Restoration Project

University of Alaska - Herring Bay

Restoration Objective:

The aims of this study were to determine the geographic extent of regions showing slow recovery, determine the factors causing the slow recovery, and determine if cost-effective methods could be developed to restore Fucus to regions where populations are not recovering.

Site Selection Criteria:

The primary restoration site was selected as an area where Fucus populations have been extensively documented since 1991 and have not recovered. The site is a region of steep rocky shore, which can be exposed to intense solar radiation during clear days in the summer months. In addition, the site is in a location protected from wave action so there is no wave spray to moisten and cool the rock surface. The Oil Spill GIS was used to identify unoiled sites with physical characteristics similar to the oiled sites that were not recovering (i.e. southern exposure, protected rocky habitat, and shore steepness).

Cause Of Decline:

The oil spill and subsequent clean-up activities from the Exxon Valdez accident in March 1989 caused considerable injury to the intertidal seaweed community, especially to Fucus gardneri, the dominant species in this region. Studies carried out during the summer of 1990 showed that Fucus populations were injured throughout the intertidal zone. By the summer of 1992, populations in the low and mid-intertidal zones at many locations were showing signs of recovery. Surveys of mid and high intertidal zones with a southern exposure in Herring Bay showed almost no recovery by the third year after the spill. These habitats remained as bare rock with sparse barnacle and littorinid snail populations.

Key Reasons For Decline:

Water Pollution

Scientific Paper

Recolonization and restoration of upper intertidal Fucus gardneri (Fucales, Phaeophyta) following the Exxon Valdez oil spill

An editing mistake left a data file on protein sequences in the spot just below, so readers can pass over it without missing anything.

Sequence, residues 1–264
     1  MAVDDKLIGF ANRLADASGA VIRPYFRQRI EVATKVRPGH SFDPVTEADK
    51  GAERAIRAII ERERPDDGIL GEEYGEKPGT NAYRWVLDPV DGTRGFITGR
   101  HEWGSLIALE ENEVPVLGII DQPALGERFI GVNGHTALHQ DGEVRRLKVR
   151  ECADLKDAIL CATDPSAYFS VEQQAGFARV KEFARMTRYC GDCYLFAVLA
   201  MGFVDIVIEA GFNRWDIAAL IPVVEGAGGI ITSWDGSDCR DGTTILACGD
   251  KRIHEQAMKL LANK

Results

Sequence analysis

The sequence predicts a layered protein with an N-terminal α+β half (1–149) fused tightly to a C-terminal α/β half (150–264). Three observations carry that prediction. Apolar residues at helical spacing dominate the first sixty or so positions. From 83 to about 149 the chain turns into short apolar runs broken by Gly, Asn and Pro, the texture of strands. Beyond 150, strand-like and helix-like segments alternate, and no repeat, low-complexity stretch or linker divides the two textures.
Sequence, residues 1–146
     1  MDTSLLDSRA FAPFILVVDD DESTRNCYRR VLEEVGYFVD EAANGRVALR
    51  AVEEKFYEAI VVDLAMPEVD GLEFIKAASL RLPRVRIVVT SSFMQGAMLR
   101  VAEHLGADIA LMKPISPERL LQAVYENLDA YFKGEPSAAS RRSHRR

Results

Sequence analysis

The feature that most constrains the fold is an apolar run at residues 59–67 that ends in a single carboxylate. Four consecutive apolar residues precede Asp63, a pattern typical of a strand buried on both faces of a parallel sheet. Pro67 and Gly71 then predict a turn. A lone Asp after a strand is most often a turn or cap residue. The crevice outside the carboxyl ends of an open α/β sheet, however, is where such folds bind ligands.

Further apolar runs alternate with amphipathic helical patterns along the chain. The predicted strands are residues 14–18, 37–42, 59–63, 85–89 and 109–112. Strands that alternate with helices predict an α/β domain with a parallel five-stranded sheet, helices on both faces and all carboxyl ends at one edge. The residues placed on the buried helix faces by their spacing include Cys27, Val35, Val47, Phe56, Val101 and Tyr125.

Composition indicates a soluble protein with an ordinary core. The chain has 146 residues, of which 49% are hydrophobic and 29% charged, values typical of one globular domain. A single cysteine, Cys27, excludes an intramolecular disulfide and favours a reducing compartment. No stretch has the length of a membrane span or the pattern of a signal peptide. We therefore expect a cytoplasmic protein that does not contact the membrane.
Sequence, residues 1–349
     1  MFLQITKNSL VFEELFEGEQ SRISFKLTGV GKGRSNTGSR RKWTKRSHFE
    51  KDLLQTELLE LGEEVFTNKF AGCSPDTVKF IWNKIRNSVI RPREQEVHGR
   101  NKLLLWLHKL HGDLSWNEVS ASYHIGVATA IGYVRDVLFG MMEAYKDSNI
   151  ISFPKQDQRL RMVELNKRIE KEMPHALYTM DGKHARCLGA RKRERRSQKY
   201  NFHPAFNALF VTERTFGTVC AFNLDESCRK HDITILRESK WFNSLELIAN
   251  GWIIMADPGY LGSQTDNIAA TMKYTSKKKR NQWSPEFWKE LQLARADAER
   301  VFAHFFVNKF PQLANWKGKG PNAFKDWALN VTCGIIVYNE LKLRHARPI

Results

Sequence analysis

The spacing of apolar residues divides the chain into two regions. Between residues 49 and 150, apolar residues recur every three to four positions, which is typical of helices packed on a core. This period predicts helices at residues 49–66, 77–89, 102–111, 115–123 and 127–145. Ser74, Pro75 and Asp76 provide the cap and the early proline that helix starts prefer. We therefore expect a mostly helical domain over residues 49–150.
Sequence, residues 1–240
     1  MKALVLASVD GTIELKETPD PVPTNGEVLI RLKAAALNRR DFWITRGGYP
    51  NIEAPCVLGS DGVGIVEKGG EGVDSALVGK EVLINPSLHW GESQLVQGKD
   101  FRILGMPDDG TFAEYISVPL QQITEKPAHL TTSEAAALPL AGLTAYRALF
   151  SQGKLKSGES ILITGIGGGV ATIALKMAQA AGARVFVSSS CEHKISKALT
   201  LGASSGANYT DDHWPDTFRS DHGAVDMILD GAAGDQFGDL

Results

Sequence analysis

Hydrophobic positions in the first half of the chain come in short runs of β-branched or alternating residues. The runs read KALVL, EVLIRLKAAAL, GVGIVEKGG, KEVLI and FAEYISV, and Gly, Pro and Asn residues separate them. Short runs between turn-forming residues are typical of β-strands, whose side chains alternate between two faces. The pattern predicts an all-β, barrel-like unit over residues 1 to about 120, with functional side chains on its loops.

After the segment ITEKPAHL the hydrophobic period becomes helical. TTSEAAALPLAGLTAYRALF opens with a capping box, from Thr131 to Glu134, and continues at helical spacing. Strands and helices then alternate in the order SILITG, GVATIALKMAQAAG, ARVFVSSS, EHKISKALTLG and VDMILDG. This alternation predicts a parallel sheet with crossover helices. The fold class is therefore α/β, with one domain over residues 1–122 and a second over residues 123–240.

M.S. Stekoll, L. Deysher, , Hydrobiologia, Vol. 327.


University of Alaska

Site Observations:

Observation Date

1st Jun 1993 – 1st Sep 1994

Action Summary:

Restoration of Fucus populations was carried out on a small-scale at a heavily oiled rocky site in Herring Bay, Prince William Sound. Mats of biodegradable erosion control fabric were deployed to act as a substratum for Fucus germlings and to protect germlings from heat and desiccation stress. A series of plots were covered with mats made from a resilient coconut-fibre fabric in June 1993. Half of the mats were inoculated with Fucus zygotes. A series of uncovered control plots was also monitored.

Lessons Learned:

Fucus recruitment in the high intertidal requires a large population of adults to provide both a constant supply of zygotes and a sheltered environment for survival of the young thalli. Colonization by new thalli, there-fore, progresses from the edges of existing natural beds.

Project Outcomes:

Dense populations of Fucus developed on the surface of all germling mats by the summer of 1994. The natural rock surfaces in control plots, both inoculated and not, had no macroscopic algal cover. By September 1994, the juvenile thalli on the mats were approximately 2 cm in length. Inoculating the mats had an effect only in the upper region of the intertidal. It is expected that the thalli will become fertile during the 1995 season, and that they may serve as a source of embryos to enhance the recovery of new Fucus populations in this high intertidal area.

Key Reasons For Decline:

Water Pollution

Area of Restoration (In Square Metres)


Indicator Data:


Ending Value:

Starting Value:

Adult Kelp Count

Cost Currency:USD